Burke Developmental Road


Burke Developmental Road is another great road to do.

It is just south of the Cape York peninsula, and goes from east to west until Normanton.

It goes all the way from Cairns on the eastern coast, but is officially only called Burke Developmental Road from Dimbulah on.

East of Dimbulah it is called the Mareeba - Dimbulah Road.


Between Chillagoe and Mareeba it also has the nickname "Wheelbarrow Way" (referring to the Great Wheelbarrow Race that is held here).


Most Cape York travellers only take the Peninsula Developmental Road to the Tip of Cape York, and never use this road.

burke developmental road

But, if you drive from Cape York to the Northern Territory or Gulf Savannah, you are most likely to drive it.

burke-developmental-road

It is also a good southern entrance to Palmer River Goldfields, and the best entrance to the smaller but equally interesting Hodgkinson Goldfields area.

Mareeba to Dimbulah

West of Mareeba, you drive along the sealed road, through some farming country, to Mutchilba, and then Dimbulah - a small township with some mining history.

dimbulah

It is now a main access point to Hodgkinson Goldfields - there is a side track to the goldfields north of the town.

Dimbulah to Chillagoe

After Dimbulah, you first pass Petford and Lappa Junction,

lappa

... and after that, you come to the small township of
Almaden.

almaden

After Almaden the road is only partly sealed until Chillagoe (UPDATE 2016 - that stretch should get sealed very soon).

chillagoe

Chillagoe is a lovely little outback town with some mining history and some interesting geology, mainly in form of the spectacular limestone boulders that are everywhere.

Chillagoe to Wrotham

After Chillagoe, there are no fuel or services for 560km, for the rest of the Burke Developmental Road, until Normanton.

burke developmental road distances

You first pass some limestone caves and the small historical ghost town Mungana, before you drive through Rookwood Station,

bdr ferguson crossing

... and through the first Walsh River crossing

burke developmental road walsh river crossing

... to Wrotham (here is also where you can turn off north to Palmerville, Palmer River Goldfields, Fairview and PDR).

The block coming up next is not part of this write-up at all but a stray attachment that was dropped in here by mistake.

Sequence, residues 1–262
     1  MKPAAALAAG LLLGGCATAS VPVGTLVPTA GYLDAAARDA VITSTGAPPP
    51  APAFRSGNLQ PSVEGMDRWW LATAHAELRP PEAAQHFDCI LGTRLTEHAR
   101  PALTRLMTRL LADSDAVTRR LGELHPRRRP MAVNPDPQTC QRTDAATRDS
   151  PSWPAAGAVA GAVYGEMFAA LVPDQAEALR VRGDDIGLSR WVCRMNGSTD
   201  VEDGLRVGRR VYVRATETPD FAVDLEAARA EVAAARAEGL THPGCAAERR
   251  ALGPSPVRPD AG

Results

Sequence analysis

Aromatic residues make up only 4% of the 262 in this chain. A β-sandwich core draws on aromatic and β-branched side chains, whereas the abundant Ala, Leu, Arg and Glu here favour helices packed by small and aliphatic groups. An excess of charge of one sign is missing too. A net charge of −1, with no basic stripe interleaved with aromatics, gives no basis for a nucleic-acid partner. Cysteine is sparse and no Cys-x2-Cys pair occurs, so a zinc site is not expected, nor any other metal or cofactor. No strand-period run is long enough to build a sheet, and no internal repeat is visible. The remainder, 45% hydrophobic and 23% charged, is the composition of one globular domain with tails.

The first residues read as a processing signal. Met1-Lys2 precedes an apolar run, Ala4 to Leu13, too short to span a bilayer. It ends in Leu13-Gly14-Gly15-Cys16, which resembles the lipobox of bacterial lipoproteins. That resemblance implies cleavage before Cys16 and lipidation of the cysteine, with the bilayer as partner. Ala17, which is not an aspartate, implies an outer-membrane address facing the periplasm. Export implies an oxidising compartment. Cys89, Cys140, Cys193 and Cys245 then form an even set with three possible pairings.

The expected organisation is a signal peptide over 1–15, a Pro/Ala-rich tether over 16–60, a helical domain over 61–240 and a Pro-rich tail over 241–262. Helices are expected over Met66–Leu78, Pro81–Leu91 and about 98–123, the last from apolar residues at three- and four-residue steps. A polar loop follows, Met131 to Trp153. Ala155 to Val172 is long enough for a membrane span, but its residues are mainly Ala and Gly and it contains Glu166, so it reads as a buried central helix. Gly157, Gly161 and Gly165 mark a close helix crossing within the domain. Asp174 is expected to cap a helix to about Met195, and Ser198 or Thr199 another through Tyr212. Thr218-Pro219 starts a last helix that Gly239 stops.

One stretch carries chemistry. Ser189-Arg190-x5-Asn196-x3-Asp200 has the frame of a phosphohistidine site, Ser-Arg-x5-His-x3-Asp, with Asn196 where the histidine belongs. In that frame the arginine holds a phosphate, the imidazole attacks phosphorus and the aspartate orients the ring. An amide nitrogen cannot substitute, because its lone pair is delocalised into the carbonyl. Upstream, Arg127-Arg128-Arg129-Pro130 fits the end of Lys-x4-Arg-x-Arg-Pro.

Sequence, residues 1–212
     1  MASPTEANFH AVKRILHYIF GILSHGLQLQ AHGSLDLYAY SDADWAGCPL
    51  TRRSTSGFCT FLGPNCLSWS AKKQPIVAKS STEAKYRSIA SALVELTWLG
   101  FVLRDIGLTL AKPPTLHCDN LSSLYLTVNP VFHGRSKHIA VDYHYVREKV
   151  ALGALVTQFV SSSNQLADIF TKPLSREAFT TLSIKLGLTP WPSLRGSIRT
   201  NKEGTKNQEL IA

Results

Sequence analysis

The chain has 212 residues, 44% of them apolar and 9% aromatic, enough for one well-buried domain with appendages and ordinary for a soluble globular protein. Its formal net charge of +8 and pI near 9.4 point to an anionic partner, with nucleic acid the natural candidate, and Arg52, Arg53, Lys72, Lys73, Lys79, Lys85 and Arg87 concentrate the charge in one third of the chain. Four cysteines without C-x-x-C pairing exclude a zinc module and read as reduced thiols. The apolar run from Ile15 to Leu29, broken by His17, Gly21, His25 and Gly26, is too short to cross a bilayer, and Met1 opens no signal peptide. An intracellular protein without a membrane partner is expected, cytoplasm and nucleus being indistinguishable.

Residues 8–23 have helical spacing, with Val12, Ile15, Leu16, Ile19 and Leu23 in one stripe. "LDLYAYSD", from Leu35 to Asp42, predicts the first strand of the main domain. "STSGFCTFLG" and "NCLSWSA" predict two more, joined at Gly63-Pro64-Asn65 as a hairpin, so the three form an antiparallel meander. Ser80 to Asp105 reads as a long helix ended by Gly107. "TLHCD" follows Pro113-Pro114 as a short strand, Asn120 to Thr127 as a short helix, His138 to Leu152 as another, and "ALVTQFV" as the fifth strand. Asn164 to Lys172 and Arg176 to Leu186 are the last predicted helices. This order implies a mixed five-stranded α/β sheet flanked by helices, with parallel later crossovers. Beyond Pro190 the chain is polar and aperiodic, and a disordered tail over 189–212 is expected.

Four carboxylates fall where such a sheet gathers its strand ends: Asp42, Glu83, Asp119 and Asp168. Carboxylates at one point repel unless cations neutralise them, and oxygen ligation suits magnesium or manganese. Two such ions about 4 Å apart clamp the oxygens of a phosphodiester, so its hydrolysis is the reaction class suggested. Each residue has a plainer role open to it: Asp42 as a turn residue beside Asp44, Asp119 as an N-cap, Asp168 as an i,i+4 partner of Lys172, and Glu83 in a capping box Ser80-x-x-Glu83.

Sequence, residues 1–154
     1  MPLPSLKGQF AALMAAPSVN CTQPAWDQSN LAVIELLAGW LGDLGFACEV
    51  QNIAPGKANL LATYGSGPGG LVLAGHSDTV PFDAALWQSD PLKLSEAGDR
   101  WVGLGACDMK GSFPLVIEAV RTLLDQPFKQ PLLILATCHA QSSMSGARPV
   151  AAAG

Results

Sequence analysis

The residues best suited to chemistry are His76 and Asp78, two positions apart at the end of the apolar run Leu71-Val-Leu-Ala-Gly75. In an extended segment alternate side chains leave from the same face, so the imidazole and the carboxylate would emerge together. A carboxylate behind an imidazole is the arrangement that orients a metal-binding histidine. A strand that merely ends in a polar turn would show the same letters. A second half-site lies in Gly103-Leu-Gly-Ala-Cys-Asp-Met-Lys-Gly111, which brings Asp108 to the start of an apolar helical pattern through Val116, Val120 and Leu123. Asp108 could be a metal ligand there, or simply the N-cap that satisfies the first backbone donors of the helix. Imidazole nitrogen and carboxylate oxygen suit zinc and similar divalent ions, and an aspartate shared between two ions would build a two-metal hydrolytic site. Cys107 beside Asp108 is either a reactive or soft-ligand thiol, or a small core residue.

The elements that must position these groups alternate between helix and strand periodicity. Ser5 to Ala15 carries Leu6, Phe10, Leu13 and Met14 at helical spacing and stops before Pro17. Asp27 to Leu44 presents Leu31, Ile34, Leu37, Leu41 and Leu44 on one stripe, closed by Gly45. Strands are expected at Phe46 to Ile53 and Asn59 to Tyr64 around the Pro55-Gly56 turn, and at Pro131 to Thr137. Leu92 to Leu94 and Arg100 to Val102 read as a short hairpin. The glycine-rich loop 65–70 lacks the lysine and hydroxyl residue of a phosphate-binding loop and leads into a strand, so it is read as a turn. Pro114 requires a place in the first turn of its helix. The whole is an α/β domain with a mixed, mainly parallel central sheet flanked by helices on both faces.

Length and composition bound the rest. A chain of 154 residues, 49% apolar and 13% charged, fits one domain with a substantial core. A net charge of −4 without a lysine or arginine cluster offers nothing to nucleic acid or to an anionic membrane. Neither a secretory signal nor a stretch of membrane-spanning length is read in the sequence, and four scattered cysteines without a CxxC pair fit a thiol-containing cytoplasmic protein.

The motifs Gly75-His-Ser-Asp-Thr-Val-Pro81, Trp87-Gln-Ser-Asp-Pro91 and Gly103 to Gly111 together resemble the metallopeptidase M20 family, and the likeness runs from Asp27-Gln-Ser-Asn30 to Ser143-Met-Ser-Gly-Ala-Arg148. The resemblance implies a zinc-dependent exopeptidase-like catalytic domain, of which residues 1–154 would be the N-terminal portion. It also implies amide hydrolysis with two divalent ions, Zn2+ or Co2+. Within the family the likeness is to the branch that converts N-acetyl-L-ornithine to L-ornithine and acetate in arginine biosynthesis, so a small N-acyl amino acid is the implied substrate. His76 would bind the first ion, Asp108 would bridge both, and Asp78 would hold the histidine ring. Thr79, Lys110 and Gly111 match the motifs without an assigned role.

Wrotham to Dunbar

After Wrotham, the road continues north and west,

burke developmental road wrotham to dunbar

... and there is another Walsh River crossing

burke developmental road wrotham to dunbar walsh river crossing

... before you come to Gamboola turnoff.

burke developmental road gamboola turnoff

After that the road continues west,

burke developmental road wrotham to dunbar

... and comes to Lynd River crossing.

burke developmental road wrotham to dunbar lynd river crossing

It is the third place (after the two Walsh River crossings above) that gets flooded during and right after the Wet Season.

burke developmental road lynd river crossing

After that, the road continues through the Highbury Station fence,

burke developmental road highbury station

... and you might come past some mustering.

mustering

It goes past a few signs,

burke developmental road highbury turnoff

... and the turnoff to Drumduff,

burke developmental road drumduff turnoff

... and then continues ...

burke developmental road wrotham to dunbar

... to the Shire border ...

burke developmental road shire border

... and then the Kowanyama and Koolatah turnoff

burke developmental road kowanyama turnoff

After that the road turns the direction with a sharp bend, and also changes in appearance.

Dunbar to Normanton

The road gets narrower, but there is also a change in the soil, you can tell you are now in the Gulf Savannah.

burke developmental road dunbar to normanton

It is dustier, the dust is softer and finer, and stays longer in the air. 

burke developmental road chillagoe normanton

There are some water crossings, particularly Staaten and Gilbert Rivers, but also some of their tributaries at times.

burke developmental road staaten river

And being a quiet and remote country, it's always the kind of place where the crocodiles are out - there is one on the photo below, but you can only see a slice of its back, as it went under the water as soon as it saw me coming.

burke developmental road staaten river crossing

In the Normanton end, the road gets wider, better graded, and finally sealed, but that only applies to about 30km from Normanton.